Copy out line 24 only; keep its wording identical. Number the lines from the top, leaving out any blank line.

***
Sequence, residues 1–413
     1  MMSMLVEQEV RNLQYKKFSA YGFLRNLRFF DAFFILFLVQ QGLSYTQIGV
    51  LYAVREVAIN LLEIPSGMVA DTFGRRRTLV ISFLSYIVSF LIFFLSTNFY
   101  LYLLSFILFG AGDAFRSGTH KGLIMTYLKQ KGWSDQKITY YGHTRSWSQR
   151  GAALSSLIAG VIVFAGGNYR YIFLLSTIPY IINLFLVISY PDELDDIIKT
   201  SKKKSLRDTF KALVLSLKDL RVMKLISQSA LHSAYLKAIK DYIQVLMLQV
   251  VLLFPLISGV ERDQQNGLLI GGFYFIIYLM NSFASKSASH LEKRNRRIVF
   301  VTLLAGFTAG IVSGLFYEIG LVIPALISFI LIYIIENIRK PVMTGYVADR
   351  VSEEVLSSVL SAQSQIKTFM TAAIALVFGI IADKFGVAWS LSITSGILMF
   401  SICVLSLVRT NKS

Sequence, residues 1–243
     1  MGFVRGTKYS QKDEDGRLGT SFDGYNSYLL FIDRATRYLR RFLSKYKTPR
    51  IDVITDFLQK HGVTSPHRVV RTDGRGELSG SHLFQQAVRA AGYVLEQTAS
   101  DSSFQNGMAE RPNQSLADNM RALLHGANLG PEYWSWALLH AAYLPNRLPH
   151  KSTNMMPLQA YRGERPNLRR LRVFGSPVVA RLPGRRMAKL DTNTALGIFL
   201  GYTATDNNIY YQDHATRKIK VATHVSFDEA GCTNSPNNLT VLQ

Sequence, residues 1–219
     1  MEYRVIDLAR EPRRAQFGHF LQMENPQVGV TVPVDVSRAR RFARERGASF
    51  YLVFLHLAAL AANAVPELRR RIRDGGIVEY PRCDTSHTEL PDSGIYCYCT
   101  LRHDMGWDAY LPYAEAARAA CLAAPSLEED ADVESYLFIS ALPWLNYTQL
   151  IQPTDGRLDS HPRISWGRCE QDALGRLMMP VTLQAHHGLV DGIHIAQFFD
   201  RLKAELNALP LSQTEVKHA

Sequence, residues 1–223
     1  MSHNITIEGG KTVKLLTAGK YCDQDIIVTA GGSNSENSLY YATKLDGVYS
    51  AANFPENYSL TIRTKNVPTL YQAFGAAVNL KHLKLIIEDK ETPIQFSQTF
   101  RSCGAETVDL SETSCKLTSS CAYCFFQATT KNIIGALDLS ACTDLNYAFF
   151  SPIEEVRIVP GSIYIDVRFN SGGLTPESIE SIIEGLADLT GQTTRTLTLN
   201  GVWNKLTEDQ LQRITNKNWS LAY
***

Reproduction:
     1  MSHNITIEGG KTVKLLTAGK YCDQDIIVTA GGSNSENSLY YATKLDGVYS